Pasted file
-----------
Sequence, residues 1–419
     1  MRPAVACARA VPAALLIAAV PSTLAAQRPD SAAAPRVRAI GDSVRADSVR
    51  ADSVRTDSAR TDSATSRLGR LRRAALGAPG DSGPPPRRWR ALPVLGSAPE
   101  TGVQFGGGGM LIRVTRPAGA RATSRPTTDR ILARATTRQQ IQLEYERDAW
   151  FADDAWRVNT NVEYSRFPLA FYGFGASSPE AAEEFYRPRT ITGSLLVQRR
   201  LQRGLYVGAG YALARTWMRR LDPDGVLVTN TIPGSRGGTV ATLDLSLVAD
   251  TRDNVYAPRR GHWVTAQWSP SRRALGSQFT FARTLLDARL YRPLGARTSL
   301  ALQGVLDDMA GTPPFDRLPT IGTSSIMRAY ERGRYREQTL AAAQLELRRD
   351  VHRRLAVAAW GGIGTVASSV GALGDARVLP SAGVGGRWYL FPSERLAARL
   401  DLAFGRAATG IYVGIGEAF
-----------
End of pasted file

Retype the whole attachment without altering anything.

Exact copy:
Sequence, residues 1–419
     1  MRPAVACARA VPAALLIAAV PSTLAAQRPD SAAAPRVRAI GDSVRADSVR
    51  ADSVRTDSAR TDSATSRLGR LRRAALGAPG DSGPPPRRWR ALPVLGSAPE
   101  TGVQFGGGGM LIRVTRPAGA RATSRPTTDR ILARATTRQQ IQLEYERDAW
   151  FADDAWRVNT NVEYSRFPLA FYGFGASSPE AAEEFYRPRT ITGSLLVQRR
   201  LQRGLYVGAG YALARTWMRR LDPDGVLVTN TIPGSRGGTV ATLDLSLVAD
   251  TRDNVYAPRR GHWVTAQWSP SRRALGSQFT FARTLLDARL YRPLGARTSL
   301  ALQGVLDDMA GTPPFDRLPT IGTSSIMRAY ERGRYREQTL AAAQLELRRD
   351  VHRRLAVAAW GGIGTVASSV GALGDARVLP SAGVGGRWYL FPSERLAARL
   401  DLAFGRAATG IYVGIGEAF